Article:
Wednesday, May 23, 2007

Title:Tell No One [Ne le dis à Personne]
Cast: François Cluzet, Marie-Josée Croze, André Dussollier, Kristin Scott Thomas, François Berléand, Nathalie Baye, Jean Rochefort, Marina Hands
Director:Guillaume Canet

Tell No One is a French thriller based on the novel by American writer Harlan Corben, transporting the setting of the novel from America to France. Shown as part of the Glasgow Film Festival, where I saw it, then again as part of the annual French Film Festival, and now approaching general release. Tell No One is a rarity, in that it is a film based on a thriller that I have read, and that i enjoyed a lot.

A couple are attacked while visiting the family's lakeside home. He wakes up in hospital, and she has vanished. A body is found, his wife, the latest victim of a serial killer. Years pass and the man rebuilds his life the best he can, working as a doctor in a city medical centre. But some questions were never answered, and the police are suddenly approaching him, apparently as a suspect again. Bodies have been found, just off the land owned by the family, two men, one of whom has a key to a locker owned by the dead woman.

Confused and upset that all this is coming up again, the man's life is entirely turned around when he receives an email, which leads him to a temporary webcam. On the camera, for a moment, his wife steps into view, looks at him, and walks away. Tell no one, her message warns, they are watching, they are listening. Things get chaotic, the police are after him, people are being killed and he is being framed, and his wife is not dead after all.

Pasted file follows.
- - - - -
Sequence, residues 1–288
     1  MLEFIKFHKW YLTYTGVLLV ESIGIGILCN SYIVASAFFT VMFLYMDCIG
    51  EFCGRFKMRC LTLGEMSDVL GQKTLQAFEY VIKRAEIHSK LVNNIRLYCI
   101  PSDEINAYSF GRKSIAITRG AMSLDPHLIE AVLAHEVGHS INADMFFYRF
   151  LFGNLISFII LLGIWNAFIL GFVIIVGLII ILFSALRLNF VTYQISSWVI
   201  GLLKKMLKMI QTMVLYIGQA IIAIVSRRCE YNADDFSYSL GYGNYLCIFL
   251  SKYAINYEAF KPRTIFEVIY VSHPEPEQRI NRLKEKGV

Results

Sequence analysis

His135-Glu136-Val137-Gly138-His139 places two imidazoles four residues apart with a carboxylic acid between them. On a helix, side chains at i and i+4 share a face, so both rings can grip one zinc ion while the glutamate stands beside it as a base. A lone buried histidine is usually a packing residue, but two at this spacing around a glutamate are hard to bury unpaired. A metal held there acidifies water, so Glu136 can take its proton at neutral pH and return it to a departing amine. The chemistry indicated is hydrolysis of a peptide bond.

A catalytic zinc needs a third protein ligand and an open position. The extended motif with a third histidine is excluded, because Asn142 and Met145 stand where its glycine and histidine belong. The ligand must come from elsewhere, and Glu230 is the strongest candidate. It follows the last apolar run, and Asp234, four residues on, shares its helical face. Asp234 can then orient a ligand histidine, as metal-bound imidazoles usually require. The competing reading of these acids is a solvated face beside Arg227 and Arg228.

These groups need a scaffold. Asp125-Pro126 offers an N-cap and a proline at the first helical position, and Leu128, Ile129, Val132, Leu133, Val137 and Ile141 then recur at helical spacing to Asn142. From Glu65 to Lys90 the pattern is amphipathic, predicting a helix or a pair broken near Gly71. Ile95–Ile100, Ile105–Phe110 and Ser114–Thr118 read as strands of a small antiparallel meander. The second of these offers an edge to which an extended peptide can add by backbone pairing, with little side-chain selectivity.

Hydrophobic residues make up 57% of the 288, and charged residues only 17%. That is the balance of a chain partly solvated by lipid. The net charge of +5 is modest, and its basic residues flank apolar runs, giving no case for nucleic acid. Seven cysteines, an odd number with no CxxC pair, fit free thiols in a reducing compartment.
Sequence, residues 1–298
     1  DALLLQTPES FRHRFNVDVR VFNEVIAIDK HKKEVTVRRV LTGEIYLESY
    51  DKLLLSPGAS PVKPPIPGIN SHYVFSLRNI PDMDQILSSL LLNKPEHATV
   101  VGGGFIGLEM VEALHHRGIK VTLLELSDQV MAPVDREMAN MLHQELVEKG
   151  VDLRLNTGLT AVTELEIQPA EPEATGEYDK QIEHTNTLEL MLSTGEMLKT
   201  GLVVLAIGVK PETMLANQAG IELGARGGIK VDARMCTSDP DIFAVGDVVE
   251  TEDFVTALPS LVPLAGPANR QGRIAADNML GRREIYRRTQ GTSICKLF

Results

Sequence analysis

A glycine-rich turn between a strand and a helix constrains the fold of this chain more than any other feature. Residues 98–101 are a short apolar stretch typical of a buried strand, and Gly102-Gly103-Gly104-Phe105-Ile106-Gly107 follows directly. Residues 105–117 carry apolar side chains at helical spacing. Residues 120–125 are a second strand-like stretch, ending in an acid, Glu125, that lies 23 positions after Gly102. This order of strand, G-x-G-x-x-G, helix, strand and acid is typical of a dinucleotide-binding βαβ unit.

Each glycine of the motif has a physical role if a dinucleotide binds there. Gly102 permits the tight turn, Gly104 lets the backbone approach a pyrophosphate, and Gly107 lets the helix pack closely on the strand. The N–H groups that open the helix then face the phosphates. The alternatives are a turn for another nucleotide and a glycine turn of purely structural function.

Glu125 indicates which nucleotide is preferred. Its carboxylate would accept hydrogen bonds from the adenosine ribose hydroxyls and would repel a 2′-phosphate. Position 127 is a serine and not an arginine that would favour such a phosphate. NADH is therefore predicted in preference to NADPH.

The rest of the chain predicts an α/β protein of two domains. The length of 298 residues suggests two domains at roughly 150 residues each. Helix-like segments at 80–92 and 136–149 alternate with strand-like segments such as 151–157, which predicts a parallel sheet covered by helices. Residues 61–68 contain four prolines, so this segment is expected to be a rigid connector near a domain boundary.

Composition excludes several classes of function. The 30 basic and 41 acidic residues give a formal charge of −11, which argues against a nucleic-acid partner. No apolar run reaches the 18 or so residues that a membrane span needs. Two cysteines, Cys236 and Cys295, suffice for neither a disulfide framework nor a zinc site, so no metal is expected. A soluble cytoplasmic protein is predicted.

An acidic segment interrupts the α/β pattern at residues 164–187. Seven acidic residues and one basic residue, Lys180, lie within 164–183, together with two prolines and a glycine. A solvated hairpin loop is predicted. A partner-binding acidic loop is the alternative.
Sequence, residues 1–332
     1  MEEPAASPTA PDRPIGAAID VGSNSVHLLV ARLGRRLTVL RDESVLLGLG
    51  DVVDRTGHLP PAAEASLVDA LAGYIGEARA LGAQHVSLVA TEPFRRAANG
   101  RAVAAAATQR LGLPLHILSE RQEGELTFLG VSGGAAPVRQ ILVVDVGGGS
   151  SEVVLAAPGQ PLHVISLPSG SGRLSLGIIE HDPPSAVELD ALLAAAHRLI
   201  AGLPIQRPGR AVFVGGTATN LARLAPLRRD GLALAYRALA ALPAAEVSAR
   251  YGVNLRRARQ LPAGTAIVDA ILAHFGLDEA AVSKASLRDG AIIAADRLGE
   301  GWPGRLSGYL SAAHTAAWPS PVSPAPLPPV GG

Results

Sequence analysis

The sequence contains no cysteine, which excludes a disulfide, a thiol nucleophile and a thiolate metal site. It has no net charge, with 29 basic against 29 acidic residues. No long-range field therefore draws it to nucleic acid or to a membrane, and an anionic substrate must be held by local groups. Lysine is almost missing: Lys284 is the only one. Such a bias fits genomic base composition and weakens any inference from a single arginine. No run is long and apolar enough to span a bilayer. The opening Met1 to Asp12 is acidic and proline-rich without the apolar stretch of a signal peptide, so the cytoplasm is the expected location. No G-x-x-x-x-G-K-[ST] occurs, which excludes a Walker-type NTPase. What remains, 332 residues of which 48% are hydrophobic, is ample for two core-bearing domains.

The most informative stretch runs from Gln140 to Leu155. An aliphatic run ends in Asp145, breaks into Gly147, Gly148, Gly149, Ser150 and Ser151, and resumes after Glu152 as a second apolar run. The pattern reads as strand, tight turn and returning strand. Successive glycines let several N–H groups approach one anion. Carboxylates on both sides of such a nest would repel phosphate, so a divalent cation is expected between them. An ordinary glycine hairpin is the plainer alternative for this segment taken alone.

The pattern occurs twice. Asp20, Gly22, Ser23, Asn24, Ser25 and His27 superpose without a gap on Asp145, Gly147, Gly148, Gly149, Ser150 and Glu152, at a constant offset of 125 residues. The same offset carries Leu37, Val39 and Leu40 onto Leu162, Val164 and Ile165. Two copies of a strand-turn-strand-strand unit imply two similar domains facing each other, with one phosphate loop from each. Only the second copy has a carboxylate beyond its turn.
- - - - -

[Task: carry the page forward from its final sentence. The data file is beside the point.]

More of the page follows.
An adaptation from a novel always has a key problem - what the film shows is not what you saw in your head. Sometimes the translation is close enough that you can shrug and get on with it, sometimes not. For me, the moment where the wife reveals herself on the camera is key, and for me, it just didn't translate well enough. Though certainly, the build to that moment, the email, the time release, the tension of waiting, worked quite well. As the film hits the chaos point where everyone wants to get their hands on the lead, and he is running for his life, I started to feel that the film was attaining the kind of tension I expected.

In the end, the film does feel as though it is being true to the book in a lot of ways. The switch of locations is interesting, especially in the way that it affects the characterisation/settings. A decent enough thriller, though it never really attains the level I was wanting from the adaptation.

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